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What constitutes a false distress call and what are the consequences and penalties?

Posted by on January 3, 2013

Under USC Title 14, section 88, the Coast Guard is directed to render aid to “distressed persons, vessels, and aircraft on and under the high seas and on and under the waters over which the United States has jurisdiction…”.  

Subsection (c) of section 88 provides that, “An individual who knowingly and willfully communicates a false distress message to the Coast Guard or causes the Coast Guard to attempt to save lives and property when no help is needed is—

(1) guilty of a class D felony;
(2) subject to a civil penalty of not more than $5,000; and
(3) liable for all costs the Coast Guard incurs as a result of the individual’s action.”  

Persons may also be charged under state and local laws for crimes such as disorderly conduct.

The Coast Guard is making efforts to prevent false distress calls and signals by publicizing the costs and impacts of hoaxes and by seeking to recover response costs.  Hoaxes are increasingly being prosecuted under federal law.  Recent cases include arrests in Oregon for falsely reporting a surfing accident and for setting off two emergency flares in a parking lot.

The Coast Guard estimates that there are 600-700 hoaxes each year.  Some false calls are unintended and may result from children playing with radios, accidentally pressing the red distress button on a DSC equipped VHF radio, improperly using VHF channel 16 to make “radio check” calls, and even shooting off flares for entertainment.  Since the Coast Guard responds immediately and aggressively to all distress signals and calls such incidents can result in misallocation of resources (personnel and equipment) and large costs for responding and searching.  In some situations, rescuers’ lives are put in jeopardy.

The Coast Guard estimates that it costs about $4,200 an hour to operate a C-130 aircraft, about $4,400 and hour for helicopters, about $1,500 an hours for a C.G. Cutter, and about $300 – $400 an hour for a small boat.  In addition, there are costs for local and state responders.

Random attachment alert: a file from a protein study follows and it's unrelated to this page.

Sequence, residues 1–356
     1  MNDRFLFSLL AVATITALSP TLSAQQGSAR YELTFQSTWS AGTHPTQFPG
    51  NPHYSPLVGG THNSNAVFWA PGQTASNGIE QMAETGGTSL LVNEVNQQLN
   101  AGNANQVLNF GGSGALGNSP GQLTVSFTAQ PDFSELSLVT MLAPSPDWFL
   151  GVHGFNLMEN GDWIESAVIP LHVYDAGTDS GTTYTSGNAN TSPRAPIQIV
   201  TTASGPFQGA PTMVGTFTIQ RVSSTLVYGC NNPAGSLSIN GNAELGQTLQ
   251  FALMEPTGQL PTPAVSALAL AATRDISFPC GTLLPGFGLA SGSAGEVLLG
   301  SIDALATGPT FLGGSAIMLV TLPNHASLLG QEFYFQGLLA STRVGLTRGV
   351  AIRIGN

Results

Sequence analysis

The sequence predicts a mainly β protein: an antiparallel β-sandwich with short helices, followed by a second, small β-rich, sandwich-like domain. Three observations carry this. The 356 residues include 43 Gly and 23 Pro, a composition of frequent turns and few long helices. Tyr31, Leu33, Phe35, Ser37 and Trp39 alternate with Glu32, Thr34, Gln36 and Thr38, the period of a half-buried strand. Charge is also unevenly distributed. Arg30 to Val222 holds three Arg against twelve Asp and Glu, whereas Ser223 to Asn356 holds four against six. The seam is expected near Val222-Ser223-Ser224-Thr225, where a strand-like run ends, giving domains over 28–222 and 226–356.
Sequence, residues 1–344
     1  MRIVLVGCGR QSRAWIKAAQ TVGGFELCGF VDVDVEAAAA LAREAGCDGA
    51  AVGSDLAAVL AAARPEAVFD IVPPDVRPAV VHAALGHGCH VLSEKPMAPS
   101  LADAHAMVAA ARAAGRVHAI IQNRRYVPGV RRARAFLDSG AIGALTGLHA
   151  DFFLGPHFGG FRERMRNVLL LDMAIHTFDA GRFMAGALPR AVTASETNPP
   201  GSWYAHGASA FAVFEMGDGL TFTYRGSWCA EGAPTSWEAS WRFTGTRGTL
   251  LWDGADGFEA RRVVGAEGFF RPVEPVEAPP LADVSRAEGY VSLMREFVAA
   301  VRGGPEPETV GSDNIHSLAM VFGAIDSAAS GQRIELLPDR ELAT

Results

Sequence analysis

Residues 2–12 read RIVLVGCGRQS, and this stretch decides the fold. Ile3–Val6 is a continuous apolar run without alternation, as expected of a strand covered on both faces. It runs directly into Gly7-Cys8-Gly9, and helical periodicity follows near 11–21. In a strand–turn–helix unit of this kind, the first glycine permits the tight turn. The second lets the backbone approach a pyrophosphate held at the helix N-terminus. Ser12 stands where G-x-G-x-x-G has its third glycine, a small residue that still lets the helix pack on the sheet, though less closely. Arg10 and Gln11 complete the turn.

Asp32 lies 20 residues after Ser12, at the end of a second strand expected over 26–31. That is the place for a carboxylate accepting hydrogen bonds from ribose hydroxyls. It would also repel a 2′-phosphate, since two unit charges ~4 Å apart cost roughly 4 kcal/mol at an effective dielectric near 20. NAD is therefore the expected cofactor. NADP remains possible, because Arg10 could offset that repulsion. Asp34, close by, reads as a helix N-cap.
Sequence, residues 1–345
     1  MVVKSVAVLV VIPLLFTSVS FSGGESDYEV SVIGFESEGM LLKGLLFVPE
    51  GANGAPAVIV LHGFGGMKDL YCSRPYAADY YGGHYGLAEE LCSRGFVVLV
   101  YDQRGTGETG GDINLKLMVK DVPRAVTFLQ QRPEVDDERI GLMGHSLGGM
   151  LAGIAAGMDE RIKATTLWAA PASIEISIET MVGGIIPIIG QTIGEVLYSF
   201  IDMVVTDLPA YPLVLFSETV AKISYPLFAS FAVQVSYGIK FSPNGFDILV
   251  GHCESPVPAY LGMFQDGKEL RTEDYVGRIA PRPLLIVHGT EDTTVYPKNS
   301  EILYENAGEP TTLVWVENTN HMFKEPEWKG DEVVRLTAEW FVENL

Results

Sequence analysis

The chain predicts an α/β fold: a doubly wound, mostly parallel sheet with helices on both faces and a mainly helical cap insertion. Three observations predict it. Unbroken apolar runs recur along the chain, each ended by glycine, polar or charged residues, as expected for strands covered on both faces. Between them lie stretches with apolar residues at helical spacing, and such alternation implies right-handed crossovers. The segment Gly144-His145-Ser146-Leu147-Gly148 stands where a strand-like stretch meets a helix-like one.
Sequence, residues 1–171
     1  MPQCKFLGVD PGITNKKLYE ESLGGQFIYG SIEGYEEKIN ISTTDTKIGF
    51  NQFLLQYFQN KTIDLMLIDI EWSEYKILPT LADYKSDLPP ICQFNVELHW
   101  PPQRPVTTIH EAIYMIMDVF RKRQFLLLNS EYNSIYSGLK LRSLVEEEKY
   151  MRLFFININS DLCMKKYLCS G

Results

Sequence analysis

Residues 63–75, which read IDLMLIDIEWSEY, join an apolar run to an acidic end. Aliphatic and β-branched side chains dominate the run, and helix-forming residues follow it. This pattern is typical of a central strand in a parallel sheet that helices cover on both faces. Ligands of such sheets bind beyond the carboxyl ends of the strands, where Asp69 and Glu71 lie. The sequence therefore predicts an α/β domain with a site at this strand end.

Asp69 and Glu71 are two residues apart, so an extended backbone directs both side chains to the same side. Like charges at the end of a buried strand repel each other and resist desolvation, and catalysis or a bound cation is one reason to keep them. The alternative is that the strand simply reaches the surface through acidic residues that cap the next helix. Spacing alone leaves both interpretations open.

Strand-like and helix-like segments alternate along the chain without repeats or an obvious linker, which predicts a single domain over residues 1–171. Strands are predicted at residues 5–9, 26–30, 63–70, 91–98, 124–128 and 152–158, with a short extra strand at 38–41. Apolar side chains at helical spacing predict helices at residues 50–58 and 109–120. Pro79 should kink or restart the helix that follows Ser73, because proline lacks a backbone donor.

New technology (called Rescue 21) allows the Coast Guard to pinpoint and track the source of all radio calls.  In many cases this can cut hours off the time required to find a vessel in distress.  It will also allow accurate determinations when some calls are false.  However, even with advanced technology there will be instances when response must be made even though a call for help may not be real.

The penalties for false calls and hoaxes can include time in prison (5 – 10 years), a civil fine up to $5,000, a criminal fine up to $250,000, and reimbursement of costs incurred in response.  Although the Coast Guard does not pursue recovery of costs for legitimate assistance and rescue, false calls and hoaxes will be prosecuted. 

Intentional hoaxes are criminal offenses.  If you have knowledge of a hoax it can be anonymously reported by calling the Coast Guard at 1-800-2NO-HOAX.  Unintentional false calls can be prevented by making sure everyone knows how to properly operate the VHF radio and keeping radios secured from children.

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